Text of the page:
My Recent Virtual Rheumatology Appointment
Due to COVID-19, virtual appointments have become the norm in the medical world right now—particularly for those of us who have chronic conditions. I had my first virtual appointment with my rheumatologist earlier in May 2020 and wanted to write an article today about the appointment, sharing my experience and ensuring other community members that virtual appointments can be valuable, particularly during a global pandemic.
Hesistant about a virtual appointment
At first, I was admittedly reticent in agreeing to a telehealth appointment with my rheumatologist. I had a lot of questions that needed to be answered before attending.
Generally, I am someone who likes face-to-face interaction. I’ve found that that is the most effective way for me to transmit important information, and when dealing with my health — which is very important to me — I prefer physical interactions as opposed to virtual ones. And this particular appointment was no different, as I had a lot of ground I wanted to cover from experiencing more RA symptoms to potential side effects of being on Humira.
Are virtual appointments covered by my insurance?
One of the first questions I had about a virtual visit was the cost. Was my insurance going to cover a virtual visit and would it be billed as a regular visit?
Thankfully, I found out that my insurance was accepting telehealth appointments and waiving the copays for them, which helped alleviate some of my qualms. This did require contacting my insurance company prior to the appointment and asking them about their updated policies for telehealth appointments.
The benefit of virtual appointments during COVID
To further alleviate some of my fears about the appointment — and thereby, persuade me to consider a virtual visit — my rheumatologist reminded me that the risk of contracting COVID from physically coming into the office outweighed any personal preference, any potential bloodwork, and any physical exam that I might need (unless there was an emergency, of course). This reassured me, and I agreed to the telehealth appointment.
What is a telehealth visit like?
Even though I agreed to the appointment, I still had a few more questions, which really wrestled with the appointment itself. What is a virtual visit going to be like? Normally, my rheumatologist examines my joints and orders any necessary bloodwork — how would this take place in a virtual setting, where I’m at home communicating with my rheumatologist through my phone?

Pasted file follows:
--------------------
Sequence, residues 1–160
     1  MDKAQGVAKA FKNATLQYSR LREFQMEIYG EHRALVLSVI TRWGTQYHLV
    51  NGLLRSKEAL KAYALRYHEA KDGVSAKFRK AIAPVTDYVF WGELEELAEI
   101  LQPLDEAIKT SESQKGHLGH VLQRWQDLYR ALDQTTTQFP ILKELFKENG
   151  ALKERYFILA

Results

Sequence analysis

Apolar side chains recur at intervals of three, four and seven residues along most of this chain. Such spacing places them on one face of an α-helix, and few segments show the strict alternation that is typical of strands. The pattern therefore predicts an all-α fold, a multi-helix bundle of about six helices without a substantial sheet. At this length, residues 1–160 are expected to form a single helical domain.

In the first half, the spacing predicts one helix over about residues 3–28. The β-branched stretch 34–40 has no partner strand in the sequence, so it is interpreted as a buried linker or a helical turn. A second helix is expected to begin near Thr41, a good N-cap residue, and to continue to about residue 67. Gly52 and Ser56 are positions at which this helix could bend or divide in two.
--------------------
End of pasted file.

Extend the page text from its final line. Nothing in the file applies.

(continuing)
It was actually quite funny to be in the telehealth appointment because, in lieu of a physical examination, my rheumatologist asked me to show him my hands, to report on any stiffness and swelling, and to move my fingers to demonstrate joint movement. I’m not sure what information he gleaned from that, but it was interesting to see how the normal physical exam of my joints translated to this virtual exam.
An overall good telehealth experience
In all honesty, I actually enjoyed my virtual appointment more than I initially thought I would. When it was time for my appointment, I got a call from the nurse’s station at the office telling me that my rheumatologist was ready.
They then sent me a link to open on my phone, which routed me to an app I had downloaded the week prior for the appointment. The virtual format actually felt more like an in-person appointment than I thought it would: my doctor sat in a patient’s room and talked with me for a good 30 minutes or more.
Holding off on bloodwork for a later date
I was able to ask all my questions and express my concerns. Although he wanted to do bloodwork, he thought that it would be better to hold off until my next appointment in August to complete that—resolving my previous questions/concerns about that element of the telehealth visit.
Virtual appointments can be productive
Overall, I had a good experience with my virtual appointment. If you’re thinking about doing one and are hesitant, just know that you aren’t the only one and that they can be incredibly productive — particularly during this uniquely chaotic time!
On a scale of 1(low) to 5(high), how difficult is it for you to talk about having RA?